In chapter four Scott McCloud goes in to detail about time in and throughout comic panels. Looking at a single panel in a comic book one might think that everything happening in that picture is happening at that exact moment in time. Scott corrects that thought by introducing to us that the actions and sounds that go on in a picture happen in an orderly sequence. He illustrates this thought with a family gathering that takes place in a room. At first glance it looks like a single moment in time but is comprised of many sounds and actions that happen one after another that lasts for a half a minute. Scott refers this in simpler terms of, "one panel, operating as several panels" (McCloud, 97). Scott also describes how the borders of these panels are comic's most important icons, and how these indicate to us that time and space in the comic is being divided. These spaces can represent short or very long periods of time. Scott then says that whatever our eyes are fixed upon represents the present of that panel and everything else is either past or the future. Scott says, "But eyes, like storms, can change direction" (McCloud, 104). He describes this quote and says that our eyes are self told to read from left to right and up to down. At the end of the chapter Scott illustrates how motion throughout pictures is shown in different ways throughout different cultures. He again refers to Japanese comics and how they go into such great detail in their motion in the pictures. Again Scott says that time in comics leads our minds to sound or motion, and may appear complex or simple but it all depends how our minds percieve it.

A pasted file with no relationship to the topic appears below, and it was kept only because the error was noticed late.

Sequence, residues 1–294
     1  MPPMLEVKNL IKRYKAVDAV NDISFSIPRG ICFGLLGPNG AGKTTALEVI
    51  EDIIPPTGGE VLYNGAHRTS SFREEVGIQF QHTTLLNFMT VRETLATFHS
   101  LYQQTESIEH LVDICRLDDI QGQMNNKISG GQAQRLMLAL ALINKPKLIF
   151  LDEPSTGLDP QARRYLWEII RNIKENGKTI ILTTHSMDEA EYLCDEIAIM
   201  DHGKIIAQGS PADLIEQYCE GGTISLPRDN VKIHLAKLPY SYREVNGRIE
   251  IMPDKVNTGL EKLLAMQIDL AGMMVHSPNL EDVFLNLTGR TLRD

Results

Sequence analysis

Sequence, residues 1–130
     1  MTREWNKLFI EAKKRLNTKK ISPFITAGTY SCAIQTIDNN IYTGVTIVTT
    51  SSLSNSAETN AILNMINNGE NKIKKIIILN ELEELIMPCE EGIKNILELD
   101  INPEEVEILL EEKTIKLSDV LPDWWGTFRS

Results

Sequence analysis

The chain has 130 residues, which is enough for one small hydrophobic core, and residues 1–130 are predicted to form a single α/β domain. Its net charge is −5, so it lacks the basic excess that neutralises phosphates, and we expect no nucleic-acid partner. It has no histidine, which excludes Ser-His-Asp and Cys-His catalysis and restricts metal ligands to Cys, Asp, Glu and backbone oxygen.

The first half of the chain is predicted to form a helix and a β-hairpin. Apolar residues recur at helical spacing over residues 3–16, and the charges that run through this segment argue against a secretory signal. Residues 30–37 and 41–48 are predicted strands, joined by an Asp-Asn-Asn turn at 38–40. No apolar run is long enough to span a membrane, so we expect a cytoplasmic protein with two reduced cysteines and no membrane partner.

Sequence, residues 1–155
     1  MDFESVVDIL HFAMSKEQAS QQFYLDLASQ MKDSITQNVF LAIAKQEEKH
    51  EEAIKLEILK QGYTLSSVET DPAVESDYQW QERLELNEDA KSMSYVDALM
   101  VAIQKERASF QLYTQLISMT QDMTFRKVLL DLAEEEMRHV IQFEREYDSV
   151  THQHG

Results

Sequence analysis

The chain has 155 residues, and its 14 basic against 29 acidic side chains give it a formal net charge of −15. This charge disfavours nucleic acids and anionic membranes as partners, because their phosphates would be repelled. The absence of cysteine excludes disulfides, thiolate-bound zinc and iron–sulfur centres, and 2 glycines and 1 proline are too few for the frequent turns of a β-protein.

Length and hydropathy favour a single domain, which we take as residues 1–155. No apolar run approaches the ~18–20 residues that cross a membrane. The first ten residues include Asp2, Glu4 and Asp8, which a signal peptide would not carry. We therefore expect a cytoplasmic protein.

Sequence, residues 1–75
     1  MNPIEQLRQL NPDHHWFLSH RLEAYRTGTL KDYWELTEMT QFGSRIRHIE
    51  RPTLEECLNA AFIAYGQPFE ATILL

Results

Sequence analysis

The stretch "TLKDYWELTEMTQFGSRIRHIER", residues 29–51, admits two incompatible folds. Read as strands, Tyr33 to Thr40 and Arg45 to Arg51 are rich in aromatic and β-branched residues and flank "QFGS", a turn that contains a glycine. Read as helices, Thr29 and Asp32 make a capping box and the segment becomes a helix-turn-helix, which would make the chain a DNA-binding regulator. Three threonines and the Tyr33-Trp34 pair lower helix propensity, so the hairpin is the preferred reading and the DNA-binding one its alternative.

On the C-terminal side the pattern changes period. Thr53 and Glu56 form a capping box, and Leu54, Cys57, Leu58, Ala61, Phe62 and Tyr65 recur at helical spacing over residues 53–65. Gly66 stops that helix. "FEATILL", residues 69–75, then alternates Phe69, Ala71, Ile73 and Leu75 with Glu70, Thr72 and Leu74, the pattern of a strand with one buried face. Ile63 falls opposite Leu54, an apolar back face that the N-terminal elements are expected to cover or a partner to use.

Chapter six describes how words and pictures are incorporated into our printed reading. Scott says that these two concepts have a vast history. He goes back to early cave inscriptions and how ancient people used, "pictoral representation" (McCloud, 141). Some of these cave paintings contained pictures while others contained pictures acting as symbols like a primitive language. Over time these pictures and symbols evolved into written, visible words. For a time, pictures weren't seen with words until the 1400's with German comics. Scott says this could be because ritten words became more specific and more descriptive than picture symbols. He also says that throughout this time pictures became less symbolic and more representational. Scott brings up the picture plane triangle illustration and describes how pictures and words were in a way drifting seperate ways on opposite ends of the triangle. But at one point artists began to incorporate meaning into art while poets began making their writing more conveying, like pictures. Scott says that this caused the tow to drift toward one another in the picture plane triangle closer and closer "and headed for a collision" (McCloud, 147). Words and pictures come back together to create yet again storytelling. This is easiest seen today in comics. When you connect words and images, you create an endless list of ideas because of the vast combinations words and images can come together. Scott describes and illustrates many of these combinations with examples used in todays comics. In these, images and words are used in certain, various ways, each taking a turn in describing a specific idea or topic. This varies from comic to comic but again goes back to the same concept of how our mind percieves it. Scott says this is very similar to the earliest cave inscriptions centuries ago, "when to tell was to show, and to show was to tell" (McCloud, 161).